Columbia’s Neurosurgery Department has a unique advantage in the medical world. It’s not always visible to patients, but it contributes to the outstanding care Columbia patients receive.
Curious? It’s how the individual doctors subspecialize and how that, in turn, allows the whole department to work together as a team.
Like other members of the department, endovascular neurosurgeon Dr. Sean Lavine was attracted to Columbia in part because of this team atmosphere. As Dr. Lavine knew, such cooperation remains exceedingly rare in neurosurgery departments.
It is often the norm to have a neurosurgery department full of generalists—neurosurgeons who handle everything from brain tumors, to spine work, to the treatment of brain blood vessel problems. A team of players who were all eager to be quarterback, center and wide receiver.
But at Columbia, neurosurgeons have unique areas of specialization and therefore don’t need to compete with one another. This creates a unique, complementary, patient-care delivery environment.
For example, Dr. Lavine focuses on neuroendovascular surgery—that is, surgery done inside the blood vessels in the brain. At Columbia University Medical Center/NewYork-Presbyterian Hospital, Dr. Lavine is Clinical Co-Director of Neuroendovascular Services.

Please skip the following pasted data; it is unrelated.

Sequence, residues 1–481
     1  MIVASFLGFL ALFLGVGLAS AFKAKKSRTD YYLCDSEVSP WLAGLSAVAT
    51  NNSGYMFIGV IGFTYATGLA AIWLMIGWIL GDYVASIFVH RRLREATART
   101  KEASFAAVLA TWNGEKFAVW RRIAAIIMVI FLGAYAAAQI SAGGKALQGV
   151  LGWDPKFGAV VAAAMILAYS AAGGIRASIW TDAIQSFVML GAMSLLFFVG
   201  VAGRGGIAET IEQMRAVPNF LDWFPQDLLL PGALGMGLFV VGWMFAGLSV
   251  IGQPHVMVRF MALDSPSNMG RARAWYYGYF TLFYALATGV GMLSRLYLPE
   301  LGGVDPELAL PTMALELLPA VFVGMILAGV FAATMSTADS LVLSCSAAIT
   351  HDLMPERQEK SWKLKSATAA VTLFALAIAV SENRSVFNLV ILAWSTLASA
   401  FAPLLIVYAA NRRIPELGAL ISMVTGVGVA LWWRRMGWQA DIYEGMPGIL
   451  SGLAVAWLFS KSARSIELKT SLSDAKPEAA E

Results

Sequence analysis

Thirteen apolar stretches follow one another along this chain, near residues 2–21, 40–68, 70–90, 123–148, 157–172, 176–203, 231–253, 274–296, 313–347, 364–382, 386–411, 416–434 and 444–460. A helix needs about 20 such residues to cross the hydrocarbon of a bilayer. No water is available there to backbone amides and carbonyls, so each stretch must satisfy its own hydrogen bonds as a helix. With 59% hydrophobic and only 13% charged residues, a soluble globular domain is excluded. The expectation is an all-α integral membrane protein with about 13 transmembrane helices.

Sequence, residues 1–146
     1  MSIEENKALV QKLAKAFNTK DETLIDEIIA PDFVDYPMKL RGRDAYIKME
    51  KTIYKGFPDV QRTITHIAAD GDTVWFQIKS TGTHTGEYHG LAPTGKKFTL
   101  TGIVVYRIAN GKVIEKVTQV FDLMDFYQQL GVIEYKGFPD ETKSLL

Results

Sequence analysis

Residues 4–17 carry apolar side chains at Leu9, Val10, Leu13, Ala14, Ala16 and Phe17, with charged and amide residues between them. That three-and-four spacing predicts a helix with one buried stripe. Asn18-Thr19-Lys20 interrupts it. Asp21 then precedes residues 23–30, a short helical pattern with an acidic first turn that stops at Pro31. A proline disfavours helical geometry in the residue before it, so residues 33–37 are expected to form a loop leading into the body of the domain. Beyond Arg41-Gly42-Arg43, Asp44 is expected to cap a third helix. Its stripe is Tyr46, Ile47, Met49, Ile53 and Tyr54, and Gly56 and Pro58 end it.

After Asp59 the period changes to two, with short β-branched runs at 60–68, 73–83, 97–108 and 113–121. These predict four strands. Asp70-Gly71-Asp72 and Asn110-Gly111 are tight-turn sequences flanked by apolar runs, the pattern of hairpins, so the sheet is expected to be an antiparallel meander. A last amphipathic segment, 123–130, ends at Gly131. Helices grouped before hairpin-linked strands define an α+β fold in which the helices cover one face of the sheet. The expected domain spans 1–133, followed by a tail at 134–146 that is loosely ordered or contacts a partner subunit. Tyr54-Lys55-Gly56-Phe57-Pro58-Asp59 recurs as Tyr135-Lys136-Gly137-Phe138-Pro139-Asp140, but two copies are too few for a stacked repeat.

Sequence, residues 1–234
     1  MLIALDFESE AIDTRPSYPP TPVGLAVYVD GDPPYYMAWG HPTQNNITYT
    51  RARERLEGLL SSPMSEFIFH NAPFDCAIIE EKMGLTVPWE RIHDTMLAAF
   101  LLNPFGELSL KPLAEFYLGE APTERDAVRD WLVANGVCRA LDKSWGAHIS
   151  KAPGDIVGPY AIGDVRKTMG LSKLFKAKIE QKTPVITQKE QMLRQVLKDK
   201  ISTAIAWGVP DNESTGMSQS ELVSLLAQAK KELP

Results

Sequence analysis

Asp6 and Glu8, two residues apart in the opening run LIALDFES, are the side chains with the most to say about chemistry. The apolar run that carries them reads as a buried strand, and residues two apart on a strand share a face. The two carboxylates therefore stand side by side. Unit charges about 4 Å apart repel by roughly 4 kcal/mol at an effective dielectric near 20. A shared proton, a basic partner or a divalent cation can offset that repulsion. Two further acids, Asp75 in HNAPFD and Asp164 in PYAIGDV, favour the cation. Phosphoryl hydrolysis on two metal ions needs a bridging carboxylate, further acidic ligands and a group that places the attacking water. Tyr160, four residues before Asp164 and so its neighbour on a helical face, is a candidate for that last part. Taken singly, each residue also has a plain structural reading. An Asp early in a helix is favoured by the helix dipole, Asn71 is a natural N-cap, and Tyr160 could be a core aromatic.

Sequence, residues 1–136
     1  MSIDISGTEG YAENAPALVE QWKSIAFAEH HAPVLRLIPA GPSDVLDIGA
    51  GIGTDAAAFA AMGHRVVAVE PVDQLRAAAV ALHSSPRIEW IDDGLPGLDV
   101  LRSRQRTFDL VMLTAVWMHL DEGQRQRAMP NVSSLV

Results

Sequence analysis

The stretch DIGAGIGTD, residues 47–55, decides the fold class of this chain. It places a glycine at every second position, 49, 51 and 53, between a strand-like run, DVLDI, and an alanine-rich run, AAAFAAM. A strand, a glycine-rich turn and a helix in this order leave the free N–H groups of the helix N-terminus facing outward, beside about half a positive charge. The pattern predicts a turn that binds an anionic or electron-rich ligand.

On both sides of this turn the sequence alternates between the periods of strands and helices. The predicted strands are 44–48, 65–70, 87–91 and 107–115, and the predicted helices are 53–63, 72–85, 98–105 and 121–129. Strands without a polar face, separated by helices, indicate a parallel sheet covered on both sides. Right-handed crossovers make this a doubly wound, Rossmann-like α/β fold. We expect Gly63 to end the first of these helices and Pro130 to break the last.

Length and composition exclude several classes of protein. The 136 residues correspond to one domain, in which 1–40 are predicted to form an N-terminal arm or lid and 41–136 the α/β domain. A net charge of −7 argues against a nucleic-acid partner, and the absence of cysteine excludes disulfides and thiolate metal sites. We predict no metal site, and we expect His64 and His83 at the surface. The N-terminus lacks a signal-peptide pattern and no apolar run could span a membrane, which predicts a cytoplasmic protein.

And he knows that even within his subspecialization of neurosurgery, to provide the best care to his patients, it’s sometimes better not to go it alone. Instead, he often works with a team of other subspecialists who bring different backgrounds and expertise to the many types of surgery on blood vessels in the brain.
Within the field of neurovascular surgery, different methods and combinations thereof are better in different cases. In addition to surgery done from inside the vessels, there’s traditional open surgery using microscopic tools and techniques. There are also other forms of minimally invasive surgery using their own tools and techniques.
To build the best possible neurovascular team, Dr. Lavine needs a balance of subspecialists. That means hiring not only the best doctors, surgeons and nurses, who are each good team players, but also being smart about which backgrounds and areas of expertise to represent.
The cooperative atmosphere at Columbia has allowed neurosurgeons like Dr. Lavine to hone their team-building skills to better benefit patients. Dr. Lavine recently had the opportunity to share his skills with other neurosurgeons at the annual meeting of the Congress of Neurological Surgeons. There he helped teach a course about creating the best possible neurovascular team.
He was invited to share the great success of the Neurovascular Team at Columbia, and his thoughts on the reasons for our excellence. Other centers shared their team philosophy. This lead to an outstanding discussion for many attendees hoping to develop programs throughout the nation and abroad.
Three cheers for strong teams!
Read more about the Endovacsular Center here.
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